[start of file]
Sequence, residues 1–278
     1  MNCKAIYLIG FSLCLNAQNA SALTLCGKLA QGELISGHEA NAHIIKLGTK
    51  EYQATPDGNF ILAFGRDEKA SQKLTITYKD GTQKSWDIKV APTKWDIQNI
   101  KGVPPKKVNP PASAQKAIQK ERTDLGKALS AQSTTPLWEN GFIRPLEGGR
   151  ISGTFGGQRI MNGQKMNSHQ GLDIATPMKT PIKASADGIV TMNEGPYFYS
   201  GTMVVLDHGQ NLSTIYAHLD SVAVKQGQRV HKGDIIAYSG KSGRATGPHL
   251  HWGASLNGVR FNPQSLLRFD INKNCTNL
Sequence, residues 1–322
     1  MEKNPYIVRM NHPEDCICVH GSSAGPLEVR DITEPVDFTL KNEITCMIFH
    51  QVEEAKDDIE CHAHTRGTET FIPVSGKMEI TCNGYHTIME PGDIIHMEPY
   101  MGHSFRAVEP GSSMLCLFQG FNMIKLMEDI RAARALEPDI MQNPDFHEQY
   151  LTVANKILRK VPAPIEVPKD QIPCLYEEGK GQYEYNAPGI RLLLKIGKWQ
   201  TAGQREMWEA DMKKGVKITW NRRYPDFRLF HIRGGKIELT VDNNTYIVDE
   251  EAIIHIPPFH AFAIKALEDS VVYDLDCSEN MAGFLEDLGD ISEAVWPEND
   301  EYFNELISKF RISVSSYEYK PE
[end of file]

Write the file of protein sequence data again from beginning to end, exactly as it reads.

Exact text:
Sequence, residues 1–278
     1  MNCKAIYLIG FSLCLNAQNA SALTLCGKLA QGELISGHEA NAHIIKLGTK
    51  EYQATPDGNF ILAFGRDEKA SQKLTITYKD GTQKSWDIKV APTKWDIQNI
   101  KGVPPKKVNP PASAQKAIQK ERTDLGKALS AQSTTPLWEN GFIRPLEGGR
   151  ISGTFGGQRI MNGQKMNSHQ GLDIATPMKT PIKASADGIV TMNEGPYFYS
   201  GTMVVLDHGQ NLSTIYAHLD SVAVKQGQRV HKGDIIAYSG KSGRATGPHL
   251  HWGASLNGVR FNPQSLLRFD INKNCTNL
Sequence, residues 1–322
     1  MEKNPYIVRM NHPEDCICVH GSSAGPLEVR DITEPVDFTL KNEITCMIFH
    51  QVEEAKDDIE CHAHTRGTET FIPVSGKMEI TCNGYHTIME PGDIIHMEPY
   101  MGHSFRAVEP GSSMLCLFQG FNMIKLMEDI RAARALEPDI MQNPDFHEQY
   151  LTVANKILRK VPAPIEVPKD QIPCLYEEGK GQYEYNAPGI RLLLKIGKWQ
   201  TAGQREMWEA DMKKGVKITW NRRYPDFRLF HIRGGKIELT VDNNTYIVDE
   251  EAIIHIPPFH AFAIKALEDS VVYDLDCSEN MAGFLEDLGD ISEAVWPEND
   301  EYFNELISKF RISVSSYEYK PE